• Ford made a bloody mint out of it anyway. He seems to have been paid more than any of the other actors in the film! – Rand al'Thor Dec 25 '15 at 1:41
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To establish Kylo Ren firmly as a villain.

JJ Abrams himself said this is what it was all about:

Star Wars had the greatest villain in cinema history. So, how you bring a new villain into that world is a very tricky thing. We knew we needed to do something f—king bold. The only reason why Kylo Ren has any hope of being a worthy successor is because we lose one of the most beloved characters.

(Source: this interview with Abrams and his co-writers Lawrence Kasdan and Michael Arndt.)

Kasdan elaborated on this point, saying the story could be seen as Kylo Ren's coming-of-age saga: the coming of age of a villain.

People always say, ‘Why do you think this saga is so popular?’ I really do believe the underlying theme is recognizing your potential and understanding what you’re capable of. It’s a quest we’re all on our entire lives. It doesn’t end. To understand what you’ve inherited, and what you like about that and what you don’t like about that. Have you fulfilled yourself completely — or is it too late? What is dormant? That’s a very real and tangible thing for people every day.

And Abrams again:

Long before we had this title, the idea of The Force Awakens was that this would become the evolution of not just a hero, but a villain. And not a villain who was the finished, ready-made villain, but someone who was in process.

[Han's death] is this massive tradeoff. How can we possibly do that!? But… if we hadn’t done that, the movie wouldn’t have any guts at all. It felt very dangerous.”

To give Han Solo more pathos as a character.

This time quoting Arndt from the same interview:

I had thought Han’s story and Leia’s story was just about them coming back together. At the end of the movie they would have reconciled and gotten over their differences. And you would have said, ‘Okay, bad stuff happened, but at least they’re back together again'. J.J. rightly asked, ‘What is Han doing in this movie?’ If we’re not going to have something important and irreversible happen to him, then he kind of feels like luggage. He feels like this great, sexy piece of luggage you have in your movie. But he’s not really evolving. He’s not really pushing the story forward.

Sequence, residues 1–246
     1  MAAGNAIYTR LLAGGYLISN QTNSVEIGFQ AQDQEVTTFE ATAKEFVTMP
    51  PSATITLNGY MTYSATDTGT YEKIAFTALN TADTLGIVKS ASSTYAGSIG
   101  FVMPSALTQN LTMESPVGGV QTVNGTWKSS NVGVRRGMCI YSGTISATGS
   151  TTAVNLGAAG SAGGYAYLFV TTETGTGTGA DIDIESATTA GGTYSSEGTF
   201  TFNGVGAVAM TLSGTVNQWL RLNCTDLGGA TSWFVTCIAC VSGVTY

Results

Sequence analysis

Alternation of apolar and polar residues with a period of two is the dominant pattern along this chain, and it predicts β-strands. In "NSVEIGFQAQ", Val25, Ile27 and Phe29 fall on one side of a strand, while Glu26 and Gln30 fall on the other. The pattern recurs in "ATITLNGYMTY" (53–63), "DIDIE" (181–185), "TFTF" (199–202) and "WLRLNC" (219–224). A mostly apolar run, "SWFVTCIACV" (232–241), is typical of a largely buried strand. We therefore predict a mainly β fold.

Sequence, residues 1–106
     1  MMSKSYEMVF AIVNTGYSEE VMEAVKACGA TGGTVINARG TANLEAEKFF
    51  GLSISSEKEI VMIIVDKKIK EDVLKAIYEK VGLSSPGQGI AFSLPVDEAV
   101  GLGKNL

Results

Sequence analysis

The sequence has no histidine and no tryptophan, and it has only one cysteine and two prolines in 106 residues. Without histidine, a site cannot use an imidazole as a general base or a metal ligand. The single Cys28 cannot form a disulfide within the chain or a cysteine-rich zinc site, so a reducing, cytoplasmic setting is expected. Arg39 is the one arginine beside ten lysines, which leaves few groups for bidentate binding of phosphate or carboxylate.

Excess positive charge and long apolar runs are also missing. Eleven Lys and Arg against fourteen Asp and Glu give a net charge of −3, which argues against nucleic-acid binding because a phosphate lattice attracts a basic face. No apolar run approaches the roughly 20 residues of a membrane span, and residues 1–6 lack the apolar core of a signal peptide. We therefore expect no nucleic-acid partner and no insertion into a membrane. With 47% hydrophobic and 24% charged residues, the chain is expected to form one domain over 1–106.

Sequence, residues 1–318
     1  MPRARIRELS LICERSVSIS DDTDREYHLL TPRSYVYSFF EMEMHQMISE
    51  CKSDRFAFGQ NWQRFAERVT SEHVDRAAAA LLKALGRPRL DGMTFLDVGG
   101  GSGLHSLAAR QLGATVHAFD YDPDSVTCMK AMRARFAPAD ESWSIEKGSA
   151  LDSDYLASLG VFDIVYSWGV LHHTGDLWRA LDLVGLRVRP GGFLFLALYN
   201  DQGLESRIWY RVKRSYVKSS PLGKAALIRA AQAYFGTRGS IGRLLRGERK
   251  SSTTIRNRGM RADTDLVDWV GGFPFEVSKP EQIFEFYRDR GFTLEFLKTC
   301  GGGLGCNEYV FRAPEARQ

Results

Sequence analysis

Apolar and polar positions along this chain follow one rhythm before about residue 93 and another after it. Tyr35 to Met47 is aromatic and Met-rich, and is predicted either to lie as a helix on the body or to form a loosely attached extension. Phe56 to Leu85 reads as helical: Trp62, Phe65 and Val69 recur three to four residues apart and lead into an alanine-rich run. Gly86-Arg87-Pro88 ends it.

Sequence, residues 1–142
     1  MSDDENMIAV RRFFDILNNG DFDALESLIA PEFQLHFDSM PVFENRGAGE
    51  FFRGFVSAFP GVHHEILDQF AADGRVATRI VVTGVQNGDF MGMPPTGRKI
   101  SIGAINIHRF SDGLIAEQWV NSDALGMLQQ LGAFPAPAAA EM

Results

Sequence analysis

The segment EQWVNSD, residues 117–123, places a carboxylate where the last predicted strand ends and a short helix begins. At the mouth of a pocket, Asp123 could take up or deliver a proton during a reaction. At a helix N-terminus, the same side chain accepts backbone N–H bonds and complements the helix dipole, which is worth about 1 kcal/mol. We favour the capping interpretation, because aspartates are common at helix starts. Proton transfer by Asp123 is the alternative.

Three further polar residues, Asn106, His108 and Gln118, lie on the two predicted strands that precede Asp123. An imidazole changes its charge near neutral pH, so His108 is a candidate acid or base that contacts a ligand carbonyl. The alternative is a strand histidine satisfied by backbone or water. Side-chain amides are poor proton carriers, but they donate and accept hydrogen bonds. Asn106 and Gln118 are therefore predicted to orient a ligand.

How did the various people involved in making the film take it?

Harrison Ford himself doesn't seem to have any problems. He's been campaigning to get Han Solo killed off since Return of the Jedi:

And in the above-referenced interview, Abrams confirmed, with a dismissive hand-wave:

Nah, he was fine.

In fact, Abrams himself was somewhat nervous about this bold move, but Kasdan's support steeled his resolve:

You [Kasdan] wrote some of the greatest lines that Han ever spoke, so there was a level of comfort in the danger. You were willing to go there, which made me feel like it wasn’t necessarily the worst idea.

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    You almost got ninjaed on your own question? :) – DVK-on-Ahch-To Dec 25 '15 at 1:18
  • @DVK See my comment on Praxis's. I play fair with self-answers, and only start writing up my answer after posting the question. Hence my comment on the question :-P – Rand al'Thor Dec 25 '15 at 1:20
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    I'd add that Harrison Ford himself is getting old (oldest character in the film?) and there is a real risk that if these movies are going to be made over the next decade he may not be able to partake in the filming of all of them.If you're going to kill someone off, Han is a (morbidly) logical choice to make. – David Grinberg Dec 26 '15 at 3:37
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    Sexy, sexy luggage. – Paul D. Waite Dec 27 '15 at 1:05